“He would never do that to me. Come after me like that.”

“Being hungry does strange things to men. You should know that better than anyone.” Beth-Anne grins, and her teeth are sharp in the way that mine are not. She grasps my hand and tugs me forward so that her face rests against mine. She inhales, her cheek passing over my jaw, my neck. “You smell like my mother. Like me. I’ve never done this with another girl. Maybe it will be different this time,” she says and darts away.

By the time the sun has set, I’ve fallen into the rhythm of my legs pumping beneath me, and the burn in my lungs. Already, I can smell Daddy and the man behind us, and they smell of sweat and fear and metal. Now and then, Beth-Anne glances back, but we run on into all of that gathered darkness, the trees looking like bits of bone reaching up into nothingness. I imagine we are ghosts. I imagine we are still the girls who looked at our mothers in wonder the first time she explained what we were. I imagine our mothers have not left us, and what kind of golden world that would be.

I don’t notice when Beth-Anne stops, and I plow into the back of her, our limbs tangling as we fall. She clamps a hand over my mouth, and it’s almost as if we are not separate bodies but the same creature lying on our backs, four legs and four arms and two pairs of hungry mouths gasping into the night air. “Listen,” she whispers.

I do. For the first time since Mama died, all of the mechanistic parts of me roar to life, and I am nothing more than an extension of what’s always lived in my blood.

“Two of them. Big,” I say, and I catch the curl of Beth-Anne’s lips even through the dark.

“Good girl. What else?” she asks, but I cannot bring myself to answer her because it is something that will upend the sky and send me tumbling even though I’ve scented him this entire time.

Beth-Anne digs her fingernails into my cheek until I answer her. “Daddy,” I say, and she drops her hand, but we stay on the ground, and our breath rises and falls in the same pattern.

“It may be that he won’t kill you. Mine never does, but each time, he swears that he will. When he’s done with the thrill of finding me and hungry enough…” Beth-Anne presses the tips of two fingers to my forehead and makes a small popping noise. We lie there quiet for a moment longer, our heartbeats sliding against each other, and Beth-Anne wraps her fingers through mine. “We could have been together. Once. When there were many of us, and no one to hunt our skins. We could have been in love,” she says, and I try to crush her hand in mine, but I am not as strong as she.

“What are we?” I say, and she turns, her eyes flashing yellow.

“Wolves. Foxes. Bears. The mountain lion creeping through the night. We are fury wrapped in meat.” She brings wet lips to my ear, and her breath is hot across my neck. “We were girls. And now we are not.”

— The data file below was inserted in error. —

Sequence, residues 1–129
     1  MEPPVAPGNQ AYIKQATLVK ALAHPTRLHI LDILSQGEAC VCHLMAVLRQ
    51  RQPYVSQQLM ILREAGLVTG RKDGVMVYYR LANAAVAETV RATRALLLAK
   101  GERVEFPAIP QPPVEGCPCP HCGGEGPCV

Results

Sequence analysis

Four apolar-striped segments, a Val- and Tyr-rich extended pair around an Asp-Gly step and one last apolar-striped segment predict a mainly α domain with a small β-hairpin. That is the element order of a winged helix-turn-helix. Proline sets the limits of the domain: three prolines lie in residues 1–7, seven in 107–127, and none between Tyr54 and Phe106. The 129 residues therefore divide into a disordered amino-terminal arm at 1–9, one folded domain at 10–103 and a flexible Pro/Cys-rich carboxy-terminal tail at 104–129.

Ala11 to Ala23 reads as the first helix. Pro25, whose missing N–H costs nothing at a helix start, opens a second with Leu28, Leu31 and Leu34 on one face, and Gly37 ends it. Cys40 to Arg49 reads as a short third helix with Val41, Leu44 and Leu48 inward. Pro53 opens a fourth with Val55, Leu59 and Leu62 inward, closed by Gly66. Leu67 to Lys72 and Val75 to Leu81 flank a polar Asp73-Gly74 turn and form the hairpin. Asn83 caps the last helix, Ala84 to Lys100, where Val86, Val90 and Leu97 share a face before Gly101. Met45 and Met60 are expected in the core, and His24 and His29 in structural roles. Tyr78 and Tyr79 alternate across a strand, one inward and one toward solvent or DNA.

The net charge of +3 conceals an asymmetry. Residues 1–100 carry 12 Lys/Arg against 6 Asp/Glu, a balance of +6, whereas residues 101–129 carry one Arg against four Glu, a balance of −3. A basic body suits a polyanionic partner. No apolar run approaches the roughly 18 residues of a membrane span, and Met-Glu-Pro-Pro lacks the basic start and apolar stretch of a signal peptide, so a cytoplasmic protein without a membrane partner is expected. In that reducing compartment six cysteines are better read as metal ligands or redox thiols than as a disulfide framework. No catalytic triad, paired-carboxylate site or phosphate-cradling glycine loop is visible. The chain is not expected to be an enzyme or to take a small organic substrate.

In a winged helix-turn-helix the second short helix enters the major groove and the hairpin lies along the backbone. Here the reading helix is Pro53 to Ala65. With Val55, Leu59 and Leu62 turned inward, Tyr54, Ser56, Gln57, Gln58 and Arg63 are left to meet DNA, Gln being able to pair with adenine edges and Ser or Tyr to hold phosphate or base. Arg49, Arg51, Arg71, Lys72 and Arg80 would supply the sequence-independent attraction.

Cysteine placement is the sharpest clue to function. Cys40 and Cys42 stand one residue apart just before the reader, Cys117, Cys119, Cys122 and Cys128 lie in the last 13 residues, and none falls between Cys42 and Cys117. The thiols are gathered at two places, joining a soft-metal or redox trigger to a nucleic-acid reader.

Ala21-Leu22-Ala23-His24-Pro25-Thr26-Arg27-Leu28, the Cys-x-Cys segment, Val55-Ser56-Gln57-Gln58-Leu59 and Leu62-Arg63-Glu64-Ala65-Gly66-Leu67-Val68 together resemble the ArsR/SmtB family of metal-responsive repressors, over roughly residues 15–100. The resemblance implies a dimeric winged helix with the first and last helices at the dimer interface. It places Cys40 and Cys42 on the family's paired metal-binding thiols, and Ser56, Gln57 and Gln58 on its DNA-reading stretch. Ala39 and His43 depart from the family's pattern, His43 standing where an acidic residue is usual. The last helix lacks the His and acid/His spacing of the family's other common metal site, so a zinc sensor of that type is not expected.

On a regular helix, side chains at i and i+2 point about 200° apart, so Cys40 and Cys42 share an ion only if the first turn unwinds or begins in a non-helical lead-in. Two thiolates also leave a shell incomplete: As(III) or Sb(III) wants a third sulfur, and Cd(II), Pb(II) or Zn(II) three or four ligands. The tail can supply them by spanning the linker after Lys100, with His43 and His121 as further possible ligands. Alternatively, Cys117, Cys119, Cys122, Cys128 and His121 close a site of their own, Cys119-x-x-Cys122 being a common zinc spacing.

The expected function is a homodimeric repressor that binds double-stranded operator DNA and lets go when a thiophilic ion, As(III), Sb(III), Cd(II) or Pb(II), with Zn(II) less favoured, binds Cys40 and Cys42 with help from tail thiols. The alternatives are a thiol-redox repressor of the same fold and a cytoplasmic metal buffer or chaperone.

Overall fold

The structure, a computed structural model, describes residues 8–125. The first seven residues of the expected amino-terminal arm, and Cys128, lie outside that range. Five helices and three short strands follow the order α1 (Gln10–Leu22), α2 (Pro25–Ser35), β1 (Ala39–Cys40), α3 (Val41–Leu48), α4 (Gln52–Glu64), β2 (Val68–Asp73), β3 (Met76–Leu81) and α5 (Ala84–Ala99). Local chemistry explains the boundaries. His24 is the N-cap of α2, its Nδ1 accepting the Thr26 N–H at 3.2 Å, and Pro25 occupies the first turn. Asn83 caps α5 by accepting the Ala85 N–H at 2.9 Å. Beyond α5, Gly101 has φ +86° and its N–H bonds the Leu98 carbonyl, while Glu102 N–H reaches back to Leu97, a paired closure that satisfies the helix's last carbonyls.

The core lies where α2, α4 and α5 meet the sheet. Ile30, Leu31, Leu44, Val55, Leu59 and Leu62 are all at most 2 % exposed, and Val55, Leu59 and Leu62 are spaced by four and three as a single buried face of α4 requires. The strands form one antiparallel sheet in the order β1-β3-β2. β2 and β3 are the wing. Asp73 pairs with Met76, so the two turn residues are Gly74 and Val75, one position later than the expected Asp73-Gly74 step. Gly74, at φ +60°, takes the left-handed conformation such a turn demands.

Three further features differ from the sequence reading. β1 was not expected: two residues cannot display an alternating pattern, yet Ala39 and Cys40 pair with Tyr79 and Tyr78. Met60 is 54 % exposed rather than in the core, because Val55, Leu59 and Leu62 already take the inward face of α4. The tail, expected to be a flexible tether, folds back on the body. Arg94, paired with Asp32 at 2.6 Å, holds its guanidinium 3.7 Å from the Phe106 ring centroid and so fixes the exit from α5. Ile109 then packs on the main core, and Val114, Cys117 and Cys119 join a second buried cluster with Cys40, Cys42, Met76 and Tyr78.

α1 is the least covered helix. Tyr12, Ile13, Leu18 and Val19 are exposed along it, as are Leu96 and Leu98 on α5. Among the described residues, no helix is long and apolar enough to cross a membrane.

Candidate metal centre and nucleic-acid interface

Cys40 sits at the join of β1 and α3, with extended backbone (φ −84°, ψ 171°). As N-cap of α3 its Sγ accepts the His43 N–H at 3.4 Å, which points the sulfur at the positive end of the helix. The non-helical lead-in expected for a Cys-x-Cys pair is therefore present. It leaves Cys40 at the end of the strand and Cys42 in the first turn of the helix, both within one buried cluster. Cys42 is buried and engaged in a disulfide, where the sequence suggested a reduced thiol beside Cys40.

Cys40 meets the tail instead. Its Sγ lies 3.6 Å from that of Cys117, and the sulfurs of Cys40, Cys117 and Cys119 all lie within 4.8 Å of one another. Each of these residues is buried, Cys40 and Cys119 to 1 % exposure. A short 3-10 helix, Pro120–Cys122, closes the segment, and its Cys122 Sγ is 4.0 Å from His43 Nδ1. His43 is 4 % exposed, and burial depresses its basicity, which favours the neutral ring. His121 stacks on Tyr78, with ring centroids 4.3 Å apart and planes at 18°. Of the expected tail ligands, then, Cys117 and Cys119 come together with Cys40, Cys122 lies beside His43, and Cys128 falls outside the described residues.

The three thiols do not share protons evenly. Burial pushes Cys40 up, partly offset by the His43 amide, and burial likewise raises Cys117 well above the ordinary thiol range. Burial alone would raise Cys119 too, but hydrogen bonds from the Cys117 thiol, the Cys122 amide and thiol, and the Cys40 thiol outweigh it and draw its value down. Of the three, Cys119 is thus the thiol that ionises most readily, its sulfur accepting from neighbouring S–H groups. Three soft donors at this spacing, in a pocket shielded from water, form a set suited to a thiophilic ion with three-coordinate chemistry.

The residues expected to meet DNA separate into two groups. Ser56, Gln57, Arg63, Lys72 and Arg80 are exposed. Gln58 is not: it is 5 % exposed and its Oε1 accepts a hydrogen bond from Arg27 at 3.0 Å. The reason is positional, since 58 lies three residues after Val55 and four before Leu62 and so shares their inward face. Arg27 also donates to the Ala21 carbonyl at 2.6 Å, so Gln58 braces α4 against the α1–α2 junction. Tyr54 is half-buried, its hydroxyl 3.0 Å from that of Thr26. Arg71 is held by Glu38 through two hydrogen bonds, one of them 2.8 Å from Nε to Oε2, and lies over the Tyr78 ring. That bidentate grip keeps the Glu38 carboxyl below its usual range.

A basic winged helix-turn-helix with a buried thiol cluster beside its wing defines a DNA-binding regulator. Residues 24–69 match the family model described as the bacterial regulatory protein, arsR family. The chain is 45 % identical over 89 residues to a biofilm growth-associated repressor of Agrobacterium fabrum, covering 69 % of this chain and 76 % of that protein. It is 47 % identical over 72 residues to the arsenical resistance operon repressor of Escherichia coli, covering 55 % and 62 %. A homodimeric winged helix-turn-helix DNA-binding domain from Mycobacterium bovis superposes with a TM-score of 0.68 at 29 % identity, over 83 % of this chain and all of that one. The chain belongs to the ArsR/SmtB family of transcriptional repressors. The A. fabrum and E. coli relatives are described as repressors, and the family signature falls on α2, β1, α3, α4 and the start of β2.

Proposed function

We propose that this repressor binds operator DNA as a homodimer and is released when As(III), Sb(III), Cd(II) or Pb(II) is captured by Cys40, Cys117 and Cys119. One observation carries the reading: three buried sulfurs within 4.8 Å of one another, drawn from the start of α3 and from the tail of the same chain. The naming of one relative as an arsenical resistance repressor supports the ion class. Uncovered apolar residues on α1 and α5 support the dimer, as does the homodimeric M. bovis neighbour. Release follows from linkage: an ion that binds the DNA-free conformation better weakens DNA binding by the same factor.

In the distance, a twig snaps, and two men mumble in low voices filled with a violence I still cannot understand. Mama did not explain this. She only told me what I would need to do to honor her memory. How I should take her into myself piece by piece until I was filled up with her. And so I had. She had not told me, though, how love can grow into something duplicitous. How a husband, a father, can look at his child and forget how he once cradled her fragile body and swore to her mother and to himself that he would follow her down into the dark, his protection the only thing that mattered.

“My mother got sick when I was seven. Too early, but she took the time to explain. How there is something alive inside of us. How beautiful it is and how that even with the world dying around us, we would carry on. And then she died, and I gobbled her down the way in the way she had her own mother. The next morning, my father took me into the woods and turned me loose, told me that if I could outrun him, he’d let me live. Back then, I knew he was brain-sick from losing my mother, but then it was more than that, and he did it again and again, and I wasn’t his daughter anymore but something to hunt. I kept coming back because the house was still warm, and there was still food, but there hasn’t been anything close to that for a while. And now, there’s you.”

She pauses and traces her fingers over her lips. “They’ve been talking for months, you know. I stole the letters and read them while he was sleeping. Our mothers knew each other when they were younger and had written for a few years after they’d gotten married. Your daddy remembered and sent the first letter to my father. Wanted to know how he could look his girl in the face when all he could see was his wife’s blood on her hands. He had itchy fingers, he said. So he wrote and asked how he could put you in the ground. Or at least, he wanted a way to be rid of you that didn’t mean covering your mouth while you were sleeping or pointing his gun at your head while you built a fire. Hunting makes what they’re doing a very different thing,” Beth-Anne says.